Barclaycard Ring was created based upon the belief that a simple product, that customers can trust, could change the current banking model. To that end, simplicity, fairness and transparency are tantamount to seeing that vision through. This blog and the community are our primary channel to deliver on the promise of transparency. The fairness and simplicity come through in the product design and how we set the policies for making decisions. I feel it’s always important to remind ourselves of the core tenets of Barclaycard Ring as we consider the vast world of credit card rewards.
We launched Barclaycard Ring without rewards because the focus was on simplicity and, rewards are not very simple. However, there was always a vision to build a rewards version of Barclaycard Ring. The challenge is how to do that in a very competitive and complex space. Rewards in today’s market have points with different values, activation bonuses, merchant category bonuses, caps, expiration dates, special deals with online malls and other features. Generally speaking, these constraints are intended to allow flexibility for issuers to market an attractive offers, like 5% back!!!, while minimizing costs. The idea is to use an effective marketing message to bring in the most accounts possible and to keep costs low on the backend. You can’t argue there is value in complexity. So, how will our simple more understated approach compete with the loud marketing messages? I don’t know. But we want to try.
I’m going to lay out two scenarios for consideration. I’ll discuss how these products would need to work with our Giveback™ program and how we would deal with current Barclaycard Ring members who might want the new product. Before I get into this, I want to thank all of our cardmembers for taking Barclaycard Ring without an acquisition incentive. We wanted to take the cost of the typical industry acquisition incentive (such as 0% for 15 months!!) and invest those funds in creating a better deal over the long term for our cardmembers. Still, we know activation bonuses are a nice incentive. Now there is one rule to keep in mind as I detail the products; no points. Point values can be manipulated and therefore are not transparent. Cash back statement credits are straight forward and that’s the route we’re going to go. So here are the proposed options for Barclaycard Ring products:
*The cash back rates are for all purchases all the time.
That’s about as simple as we can make it. The 8% rate is an aggressive long term variable APR relative to the market. We believe the 1.5% unlimited cash back on all purchases is as well. For cardmembers to earn more than 1.5% on their spending, this often involves using multiple cards for different types of spend (ie. One card for gas purchases; another card for groceries; etc.) and also frequently requires accessing websites for various deals or programs. A customer can also yield better than 8% variable APR if they continually look for 0% or low APR promotions new account offers. A cardholder with solid credit can continually beat 8% if they work at it. Keeping with our simple and transparent philosophy, we’ve outlined a long term rate that combines the best of all worlds (well, we like to think so).
With the Rewards Products 2, we realize the 1.5% doesn’t roll off the tongue. And that’s a problem. We added the 1% option to give customers a middle ground. Neither Rewards Product 1 (with12% variable APR and 1% cash back option) or the Rewards Product 2 (with 16% variable APR and 1.5% cash back), by themselves are leaders relative to other market offers. You will still see 2% and even 5% cash back offers in marketing materials for other credit card products that will look more attractive. However, people considering Barclaycard Ring may find they prefer the middle ground. A 12% variable APR is still a solid long term rate and 1% is easy to remember and a good deal.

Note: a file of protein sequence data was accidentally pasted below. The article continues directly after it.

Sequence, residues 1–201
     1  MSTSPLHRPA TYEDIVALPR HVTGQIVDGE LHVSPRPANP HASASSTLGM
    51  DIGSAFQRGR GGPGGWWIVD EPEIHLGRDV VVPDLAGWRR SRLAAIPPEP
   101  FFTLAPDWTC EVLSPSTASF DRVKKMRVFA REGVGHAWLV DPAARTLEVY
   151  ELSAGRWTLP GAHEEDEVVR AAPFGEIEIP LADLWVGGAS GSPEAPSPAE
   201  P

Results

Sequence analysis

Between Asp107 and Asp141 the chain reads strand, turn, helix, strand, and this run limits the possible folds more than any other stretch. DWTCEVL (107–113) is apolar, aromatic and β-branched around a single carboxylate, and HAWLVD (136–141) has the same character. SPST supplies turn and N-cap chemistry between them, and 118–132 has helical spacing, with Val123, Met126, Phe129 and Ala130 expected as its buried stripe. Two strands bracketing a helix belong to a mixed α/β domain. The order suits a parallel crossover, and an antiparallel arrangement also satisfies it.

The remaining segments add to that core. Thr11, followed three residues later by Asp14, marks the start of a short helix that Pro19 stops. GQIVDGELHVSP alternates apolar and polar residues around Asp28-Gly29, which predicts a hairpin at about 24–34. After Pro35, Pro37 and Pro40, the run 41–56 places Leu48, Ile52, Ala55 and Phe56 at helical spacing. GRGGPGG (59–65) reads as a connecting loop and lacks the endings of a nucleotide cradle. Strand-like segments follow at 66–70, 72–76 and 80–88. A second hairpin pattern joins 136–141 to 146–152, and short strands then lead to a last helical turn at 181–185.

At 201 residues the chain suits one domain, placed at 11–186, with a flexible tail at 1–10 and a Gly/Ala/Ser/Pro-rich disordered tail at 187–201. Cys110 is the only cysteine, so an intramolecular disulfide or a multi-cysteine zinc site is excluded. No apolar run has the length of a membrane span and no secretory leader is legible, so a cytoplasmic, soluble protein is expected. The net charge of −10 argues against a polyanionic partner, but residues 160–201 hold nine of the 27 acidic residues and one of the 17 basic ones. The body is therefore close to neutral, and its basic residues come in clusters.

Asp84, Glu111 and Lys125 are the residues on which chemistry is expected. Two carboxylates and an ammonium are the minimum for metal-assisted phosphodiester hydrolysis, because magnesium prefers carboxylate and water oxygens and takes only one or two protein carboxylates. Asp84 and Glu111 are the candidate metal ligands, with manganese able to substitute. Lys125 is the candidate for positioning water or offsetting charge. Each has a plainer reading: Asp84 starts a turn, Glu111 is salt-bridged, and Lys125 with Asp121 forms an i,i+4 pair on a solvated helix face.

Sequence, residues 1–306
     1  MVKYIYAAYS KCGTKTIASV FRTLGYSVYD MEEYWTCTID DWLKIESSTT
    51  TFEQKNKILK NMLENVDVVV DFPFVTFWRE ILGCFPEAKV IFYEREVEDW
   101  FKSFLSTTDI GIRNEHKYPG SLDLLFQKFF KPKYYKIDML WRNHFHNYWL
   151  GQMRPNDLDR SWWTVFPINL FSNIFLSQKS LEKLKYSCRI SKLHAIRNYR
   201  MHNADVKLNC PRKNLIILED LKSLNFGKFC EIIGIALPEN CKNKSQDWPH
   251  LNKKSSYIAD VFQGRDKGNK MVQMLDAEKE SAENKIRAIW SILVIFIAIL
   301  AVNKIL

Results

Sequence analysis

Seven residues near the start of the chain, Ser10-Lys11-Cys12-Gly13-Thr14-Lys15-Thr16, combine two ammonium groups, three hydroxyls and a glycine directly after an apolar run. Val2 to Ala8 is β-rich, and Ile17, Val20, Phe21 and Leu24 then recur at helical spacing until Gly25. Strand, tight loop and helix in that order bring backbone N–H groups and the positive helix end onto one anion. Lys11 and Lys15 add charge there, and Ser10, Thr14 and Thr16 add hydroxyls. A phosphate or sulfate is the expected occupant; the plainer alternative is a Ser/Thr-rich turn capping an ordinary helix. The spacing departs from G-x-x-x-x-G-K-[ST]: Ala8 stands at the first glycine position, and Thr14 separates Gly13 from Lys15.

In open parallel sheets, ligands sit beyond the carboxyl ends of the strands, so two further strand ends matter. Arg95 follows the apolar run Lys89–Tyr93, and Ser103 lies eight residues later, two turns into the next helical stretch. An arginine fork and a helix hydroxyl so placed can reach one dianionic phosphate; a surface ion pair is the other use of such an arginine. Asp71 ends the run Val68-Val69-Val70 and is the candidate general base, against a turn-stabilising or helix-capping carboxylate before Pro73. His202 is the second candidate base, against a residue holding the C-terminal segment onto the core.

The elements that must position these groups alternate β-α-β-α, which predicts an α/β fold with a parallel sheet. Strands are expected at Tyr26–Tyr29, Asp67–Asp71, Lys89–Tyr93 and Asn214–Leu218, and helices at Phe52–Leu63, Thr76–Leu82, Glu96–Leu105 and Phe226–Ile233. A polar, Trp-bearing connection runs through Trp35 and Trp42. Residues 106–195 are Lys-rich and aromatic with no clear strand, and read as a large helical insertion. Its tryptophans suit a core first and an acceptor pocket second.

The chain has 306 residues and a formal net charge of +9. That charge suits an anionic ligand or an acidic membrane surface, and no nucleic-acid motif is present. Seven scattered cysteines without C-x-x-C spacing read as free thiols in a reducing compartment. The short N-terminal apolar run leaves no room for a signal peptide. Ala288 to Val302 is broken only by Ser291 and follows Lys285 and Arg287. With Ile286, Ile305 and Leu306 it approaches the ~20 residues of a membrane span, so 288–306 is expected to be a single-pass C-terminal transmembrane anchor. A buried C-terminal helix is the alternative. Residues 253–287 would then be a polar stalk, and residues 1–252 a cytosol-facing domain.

Now onto the impacts to Giveback.
Because cardmembers with a cash back feature will already be getting value for spend, we feel that we need to adjust how Giveback would be allocated to individuals for each product. The table below is a very simplistic approach that we believe would be fair and reasonable.
With this scenario the people who have a 1.5% cash back rate would not receive any Giveback for their purchases. But they would receive twice the value for revolving balances than the 8% product group would have. While I’ll admit that Giveback is complicated this scenario seems the fairest and easiest method.
Last but not least, what happens if you already have Barclaycard Ring? How would you get one of the cash back products? Unfortunately, the short answer is you would have to apply for one. We could help streamline this process somewhat and we would lay out how to do that in the easiest manner possible. But the regulatory fact is that exchanging products in a manner compliant with applicable requirements (yes, legal added that phrase in, not me) would cost too much and take too long to implement.
I think the 1.5% cash back offer with the potential for more from Giveback could be a compelling offer in today’s marketplace. Potentially it could broaden the reach of Barclaycard Ring. However, we aren’t offering any immediate bonus incentives (ie. $100 cash back for the first $500 you spend, etc.)and this lack of ‘up front’ incentive as well as the lack of a higher cash back points for purchase categories create questions about the marketability of such a product.
Will potential customers see the value in this straightforward approach?
We would appreciate your feedback and any suggestions you may have for this program. We’d like to put our best foot forward in the rewards space while keeping in mind the simple, fair and transparent vision we’ve set out to realize.